Just in time for the holidays – and the growing season – the U.S. Environmental Protection Agency (EPA) has granted new registrations for pesticides to be used on hemp crops, including, for the first time, hemp used in the production of cannabidiol (CBD) products. The new approvals add hemp to the list of crops to which the 10 pesticide products, each of which already is registered for use on a variety of other crops, can be applied.
The registrations are the first issued by EPA since passage of the Agricultural Improvement Act of 2018 (a/k/a “the Farm Bill”), which removed hemp from classification as a controlled substance. The Farm Bill defines “hemp” as the plant Cannabis sativa L. and any part of that plant with a delta-9-tetrahydrocannabinol concentration of not more than 0.3% on a dry weight basis. Previously, only a handful of pesticides had been approved by EPA for use on hemp to support fiber production and other industrial activities, though none had received a food use tolerance or were subject to a tolerance exemption that would enable use with crops that may be ingested.
The Federal Insecticide, Fungicide, and Rodenticide Act (FIFRA) requires that a pesticide be registered by EPA for specific uses, including, in the agricultural context, for applications to crops specifically identified in the registration application. For products that may be consumed, EPA also must establish “tolerance levels” which represent permissible residue limits demonstrated to be safe (a data/science-intensive and costly process). Pesticide applications to crops not approved by EPA, or products intended for consumption that contain pesticide residues in excess of a tolerance level, are illegal.
The new approvals are particularly significant because each of the pesticides contain active ingredients for which EPA “has previously determined the residues will be safe under any reasonably foreseeable circumstances.” That is, each of the pesticides is subject to an established tolerance exemption for residues on all raw agricultural or food commodities. Accordingly, the pesticides may be used on hemp crops that support the production of CBD products intended to be consumed, topically applied or otherwise ingested. Meanwhile, the Food and Drug Administration is developing its own plans to regulate CBD as a component of food products and supplements.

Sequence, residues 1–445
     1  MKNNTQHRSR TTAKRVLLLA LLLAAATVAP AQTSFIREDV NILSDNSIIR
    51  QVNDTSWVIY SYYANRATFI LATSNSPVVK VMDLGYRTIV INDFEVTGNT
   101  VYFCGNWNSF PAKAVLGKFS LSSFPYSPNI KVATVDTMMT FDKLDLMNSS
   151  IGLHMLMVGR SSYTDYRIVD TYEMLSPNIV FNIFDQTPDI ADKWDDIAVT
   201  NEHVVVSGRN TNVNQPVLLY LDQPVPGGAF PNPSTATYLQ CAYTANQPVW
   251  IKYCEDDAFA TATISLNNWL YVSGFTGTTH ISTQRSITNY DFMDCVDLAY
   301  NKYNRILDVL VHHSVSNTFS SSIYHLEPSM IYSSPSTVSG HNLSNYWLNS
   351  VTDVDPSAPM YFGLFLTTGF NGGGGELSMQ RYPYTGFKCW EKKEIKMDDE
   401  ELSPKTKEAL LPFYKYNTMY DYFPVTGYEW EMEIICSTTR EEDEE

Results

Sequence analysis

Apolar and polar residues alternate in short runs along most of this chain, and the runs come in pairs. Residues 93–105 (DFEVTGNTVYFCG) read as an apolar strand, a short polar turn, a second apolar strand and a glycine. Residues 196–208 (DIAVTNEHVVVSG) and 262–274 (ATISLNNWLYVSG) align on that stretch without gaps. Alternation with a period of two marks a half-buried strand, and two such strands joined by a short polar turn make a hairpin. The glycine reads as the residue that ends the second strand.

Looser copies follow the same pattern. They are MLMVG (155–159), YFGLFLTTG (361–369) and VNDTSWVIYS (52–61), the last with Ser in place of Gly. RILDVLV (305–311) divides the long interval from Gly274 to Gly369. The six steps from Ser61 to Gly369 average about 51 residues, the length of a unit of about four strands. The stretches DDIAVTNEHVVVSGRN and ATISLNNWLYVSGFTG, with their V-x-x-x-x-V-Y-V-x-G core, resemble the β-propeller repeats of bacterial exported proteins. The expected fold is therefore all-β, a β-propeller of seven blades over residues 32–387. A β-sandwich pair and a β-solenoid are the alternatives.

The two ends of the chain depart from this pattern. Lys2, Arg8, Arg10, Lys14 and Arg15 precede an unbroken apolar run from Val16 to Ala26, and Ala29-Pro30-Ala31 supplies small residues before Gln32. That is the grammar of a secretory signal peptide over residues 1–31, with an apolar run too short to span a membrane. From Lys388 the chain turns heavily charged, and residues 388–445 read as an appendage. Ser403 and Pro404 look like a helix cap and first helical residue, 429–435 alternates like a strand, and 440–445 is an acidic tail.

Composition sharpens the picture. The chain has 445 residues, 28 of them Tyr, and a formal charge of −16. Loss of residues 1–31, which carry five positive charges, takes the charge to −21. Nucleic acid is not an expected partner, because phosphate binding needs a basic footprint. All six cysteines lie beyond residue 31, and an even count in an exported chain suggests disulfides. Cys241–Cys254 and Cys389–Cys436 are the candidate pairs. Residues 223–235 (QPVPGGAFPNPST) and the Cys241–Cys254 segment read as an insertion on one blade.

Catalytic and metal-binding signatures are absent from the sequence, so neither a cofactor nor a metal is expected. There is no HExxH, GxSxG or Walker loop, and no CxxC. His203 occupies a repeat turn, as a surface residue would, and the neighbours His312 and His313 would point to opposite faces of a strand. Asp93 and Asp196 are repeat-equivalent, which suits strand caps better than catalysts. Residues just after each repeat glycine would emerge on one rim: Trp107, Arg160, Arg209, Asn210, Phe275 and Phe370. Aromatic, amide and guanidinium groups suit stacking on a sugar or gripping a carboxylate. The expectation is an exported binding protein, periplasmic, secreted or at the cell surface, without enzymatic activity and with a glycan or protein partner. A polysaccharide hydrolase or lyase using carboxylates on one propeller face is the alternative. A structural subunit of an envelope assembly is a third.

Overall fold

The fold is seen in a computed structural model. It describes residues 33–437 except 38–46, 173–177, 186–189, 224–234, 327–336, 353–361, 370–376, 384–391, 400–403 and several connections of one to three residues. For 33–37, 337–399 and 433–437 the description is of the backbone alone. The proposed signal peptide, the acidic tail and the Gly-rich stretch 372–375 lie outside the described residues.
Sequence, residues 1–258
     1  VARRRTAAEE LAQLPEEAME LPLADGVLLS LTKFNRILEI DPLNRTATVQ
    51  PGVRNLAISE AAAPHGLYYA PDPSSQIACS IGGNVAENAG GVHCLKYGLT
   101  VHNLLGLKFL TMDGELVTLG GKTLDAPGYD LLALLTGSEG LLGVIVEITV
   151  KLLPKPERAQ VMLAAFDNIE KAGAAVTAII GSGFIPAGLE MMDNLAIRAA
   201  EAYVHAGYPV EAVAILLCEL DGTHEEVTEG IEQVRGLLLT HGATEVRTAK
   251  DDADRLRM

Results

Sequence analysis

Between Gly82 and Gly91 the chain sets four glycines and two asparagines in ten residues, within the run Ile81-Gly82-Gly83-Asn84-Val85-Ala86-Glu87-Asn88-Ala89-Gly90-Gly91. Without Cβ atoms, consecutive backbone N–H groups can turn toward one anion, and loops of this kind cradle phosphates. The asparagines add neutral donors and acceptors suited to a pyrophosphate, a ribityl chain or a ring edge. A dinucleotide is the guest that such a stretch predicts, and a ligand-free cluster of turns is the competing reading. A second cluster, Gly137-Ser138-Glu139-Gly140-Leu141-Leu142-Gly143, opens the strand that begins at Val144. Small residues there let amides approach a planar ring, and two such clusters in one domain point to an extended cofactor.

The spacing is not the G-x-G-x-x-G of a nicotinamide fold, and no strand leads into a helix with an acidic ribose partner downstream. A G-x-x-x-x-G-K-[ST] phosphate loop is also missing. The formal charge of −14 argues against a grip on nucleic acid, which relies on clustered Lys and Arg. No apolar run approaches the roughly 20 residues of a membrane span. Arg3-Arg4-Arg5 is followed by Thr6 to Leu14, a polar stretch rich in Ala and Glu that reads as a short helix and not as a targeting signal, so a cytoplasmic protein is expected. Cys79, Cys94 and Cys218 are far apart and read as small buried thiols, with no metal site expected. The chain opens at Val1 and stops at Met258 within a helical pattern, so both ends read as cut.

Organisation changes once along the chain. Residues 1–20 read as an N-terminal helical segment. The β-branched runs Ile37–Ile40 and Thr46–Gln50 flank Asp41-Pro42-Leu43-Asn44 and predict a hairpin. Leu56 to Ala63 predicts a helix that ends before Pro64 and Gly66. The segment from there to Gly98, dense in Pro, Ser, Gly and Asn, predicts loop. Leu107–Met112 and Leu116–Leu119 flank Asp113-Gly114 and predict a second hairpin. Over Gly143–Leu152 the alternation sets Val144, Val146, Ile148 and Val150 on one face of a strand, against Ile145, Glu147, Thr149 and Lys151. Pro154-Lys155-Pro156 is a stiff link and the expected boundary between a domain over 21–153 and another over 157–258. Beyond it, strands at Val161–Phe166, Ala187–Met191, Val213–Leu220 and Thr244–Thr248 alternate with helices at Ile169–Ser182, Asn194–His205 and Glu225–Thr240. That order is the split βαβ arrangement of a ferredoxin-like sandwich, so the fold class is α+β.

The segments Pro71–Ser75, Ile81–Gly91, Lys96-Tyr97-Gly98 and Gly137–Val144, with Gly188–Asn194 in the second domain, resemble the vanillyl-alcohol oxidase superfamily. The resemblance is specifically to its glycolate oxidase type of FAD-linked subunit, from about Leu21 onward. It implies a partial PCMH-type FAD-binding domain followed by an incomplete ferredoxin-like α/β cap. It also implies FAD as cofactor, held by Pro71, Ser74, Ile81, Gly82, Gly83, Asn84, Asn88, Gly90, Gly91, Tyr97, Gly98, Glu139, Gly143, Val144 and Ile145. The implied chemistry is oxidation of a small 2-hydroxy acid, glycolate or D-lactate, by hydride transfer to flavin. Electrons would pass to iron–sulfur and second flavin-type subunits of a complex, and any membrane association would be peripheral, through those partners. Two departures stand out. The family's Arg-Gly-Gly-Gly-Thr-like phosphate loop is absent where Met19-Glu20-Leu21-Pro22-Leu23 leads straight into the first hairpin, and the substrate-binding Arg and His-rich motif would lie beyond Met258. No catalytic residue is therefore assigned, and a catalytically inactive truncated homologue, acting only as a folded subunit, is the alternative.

The 10 pesticides include one “conventional” pesticide (active ingredient: potassium salts of fatty acids) and nine “biopesticides” (which are derived from natural materials) that contain the following active ingredients: azadirachtin, neem oil, extract of Reynoutria sachalinensi, Bacillus amyloliquifaciens strains, soybean oil, garlic oil, and capsicum oleoresin extract. The 10 pesticides are variously approved for insecticide, miticide, fungicide, and nematicide uses. More details on these registered pesticide products is available from EPA here.
See www.KelleyGreenLawBlog.com, the blog from Kelley Drye’s Environmental, Health and Safety practice, for insight and analysis on the latest chemical regulatory developments and trends. The Kelley Green Law Blog highlights issues relevant to businesses ranging from major manufacturers to consumer goods distributors and retailers and examines topics like the implementation of the amended Toxic Substances Control Act, California Proposition 65, antimicrobial product requirements, and developments under the European Union REACH, CLP, and RoHS programs.